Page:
* Admit the severely malnourished child. Provide therapeutic feeding where needed. Plan long-term nutritional support: note that the energy needs of the HIV-infected are significantly higher than the uninfected. The World Health Organization (WHO) recommends meeting the increased resting energy needs by an additional 10% above usual requirements in asymptomatic adults and children and by an additional 20 - 50% during and immediately after severe illness. (31) What food/supplementation should be used?

Increased energy and protein intake can best be achieved by using locally available foodstuffs and developing a locally appropriate, sustainable food-based intervention. Various supplements are available from the government clinics and hospitals of South Africa; their general acceptability awaits further evaluation. (37,38) 'Ready-to-use' therapeutic food (RUTF) is an energy-dense feed enriched with minerals and vitamins. This is provided for children with severe acute malnutrition. Therapeutic foods may also be prepared from local food sources and crops. (10) A variety of specialised nutritional products are also available from South African public health services. Nevertheless many children still do not have routine nutritional assessments, nor are all provided with supplements when needed. (38) Children need a balanced diet. Protein requirements remain at 12-15% of total energy intake. (31) ARVs may need to be considered as these will improve the child's appetite, promote weight gain and provide control of the underlying infection. (39) Is micronutrient supplementation required?

Daily access to a diet that provides the full range of essential micronutrients is important. Randomised controlled trials (RCTs) indicate that vitamin A supplementation benefits young HIV-positive children: a single large oral dose of 50 000 IU before 6 months is followed by another single dose of 100 000 IU between 6 and 11 months and a further 200 000 IU every 6 months thereafter until the age of 5 years. (40,41)

Similarly zinc supplementation in HIV-infected and uninfected children with diarrhoea is recommended: zinc 10 mg daily x 2 weeks in those under 6 months of age and 20 mg daily x 2 weeks in those over 6 months. (42,43) Irrespective of HIV status, the WHO recommends a daily intake of 1 x the Recommended Nutrient Intake (RNI) of each essential vitamin and mineral. (31) Micronutrient deficiencies are endemic to many developing countries. Diversified diets, fortified foods and micronutrient supplements assist in preventing these deficiencies. Although two randomised controlled multivitamin trials incorporating among others large doses of the B-, C- and E-group vitamins have demonstrated benefit in HIV-infected Tanzanian and Thai adults, no similar paediatric data are currently available. (44,45) Iron supplementation is recommended for children with iron deficiency anaemia, but giving iron to children who are iron-replete may increase their risk of infections and should be avoided. (46,47)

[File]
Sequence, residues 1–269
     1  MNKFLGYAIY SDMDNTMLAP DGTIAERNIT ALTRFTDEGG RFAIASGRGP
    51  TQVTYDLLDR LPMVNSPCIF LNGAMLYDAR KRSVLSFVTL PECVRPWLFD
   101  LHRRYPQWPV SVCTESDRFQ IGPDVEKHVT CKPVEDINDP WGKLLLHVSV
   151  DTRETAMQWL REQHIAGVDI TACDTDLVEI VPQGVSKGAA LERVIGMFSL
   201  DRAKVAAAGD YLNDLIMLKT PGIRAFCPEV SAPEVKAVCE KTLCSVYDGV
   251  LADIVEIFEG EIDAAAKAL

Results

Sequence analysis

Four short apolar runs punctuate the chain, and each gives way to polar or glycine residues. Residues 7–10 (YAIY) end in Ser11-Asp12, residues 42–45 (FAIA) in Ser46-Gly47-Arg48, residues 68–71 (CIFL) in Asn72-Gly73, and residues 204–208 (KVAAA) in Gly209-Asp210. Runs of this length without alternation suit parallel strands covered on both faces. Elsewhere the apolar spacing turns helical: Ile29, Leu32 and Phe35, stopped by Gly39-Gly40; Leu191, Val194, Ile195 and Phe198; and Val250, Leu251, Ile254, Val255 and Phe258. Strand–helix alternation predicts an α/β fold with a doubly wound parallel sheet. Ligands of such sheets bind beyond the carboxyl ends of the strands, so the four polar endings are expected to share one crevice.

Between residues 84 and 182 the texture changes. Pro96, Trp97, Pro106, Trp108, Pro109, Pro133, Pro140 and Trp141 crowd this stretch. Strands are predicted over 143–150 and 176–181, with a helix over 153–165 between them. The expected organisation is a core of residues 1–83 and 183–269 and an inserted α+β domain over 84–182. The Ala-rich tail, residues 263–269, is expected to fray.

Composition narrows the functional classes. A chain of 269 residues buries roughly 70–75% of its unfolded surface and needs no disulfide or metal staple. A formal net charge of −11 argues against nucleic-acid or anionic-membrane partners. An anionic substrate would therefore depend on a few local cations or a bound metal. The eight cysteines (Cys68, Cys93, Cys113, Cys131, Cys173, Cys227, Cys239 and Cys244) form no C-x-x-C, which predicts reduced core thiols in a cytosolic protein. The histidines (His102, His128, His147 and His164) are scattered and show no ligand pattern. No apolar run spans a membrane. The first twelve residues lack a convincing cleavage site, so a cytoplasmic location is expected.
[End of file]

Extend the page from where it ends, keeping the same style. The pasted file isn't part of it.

The benefits of ART outweigh its potential to cause harm. Drug-related metabolic side-effects are common but can be minimised or avoided with close supervision. In this regard the child on ART or his/her parent will often have noticed changes in body shape and appearance before these changes are observed by the doctor or nurse. The examination must take note of the child's general appearance, weight and height/length; particularly look for loss of fat on the face, upper and lower limbs and buttocks, an increase of abdominal fat and/or breast enlargement, a fat pad or 'buffalo hump' between the shoulders and firm non-tender enlargement of the liver. Fasting blood glucose and lipids, total cholesterol, high-density lipoprotein (HDL) and low-density lipoprotein (LDL) cholesterol and triglycerides may be abnormal. These are measured annually or bi-annually or more frequently if abnormal. An isolated elevation of the alanine aminotransferase (ALT) level may suggest a fatty liver or hepatic steatosis. Fat in the liver may also be confirmed with a hepatic ultrasound or abdominal CT scan. (48)

The fat redistribution or lipodystrophy that complicates ARV drug use in adults occurs in children too. Various paediatric studies report a prevalence of 1 - 43%, though a recent review of children with a mean exposure to ARVs of 5.9 [+ or -] 2.4 years noted a considerably higher prevalence, viz. 73%. (49-52) The syndrome follows the use of protease inhibitors (PIs) and nucleoside reverse transcriptase inhibitors (NRTIs), in particular stavudine, didanosine and zidovudine, and the use of stavudine and didanosine together. (53-55) Children are at risk throughout childhood. (56) Insulin resistance is frequent, though overt hyperglycaemia and diabetes remain rare. (49) Serum lipids--cholesterols and triglycerides--are often elevated and an increase in the thickness of the wall of the carotid vessels has been noted in these children. While the actual risk of heart disease and stroke is currently unknown, it is likely to be significant over time. (57,58) All ethnic groups, including those living in Africa, appear to be at risk. (59,60) Metabolic abnormalities have also been reported in the absence of exposure to ART, though this is rare. (49,54)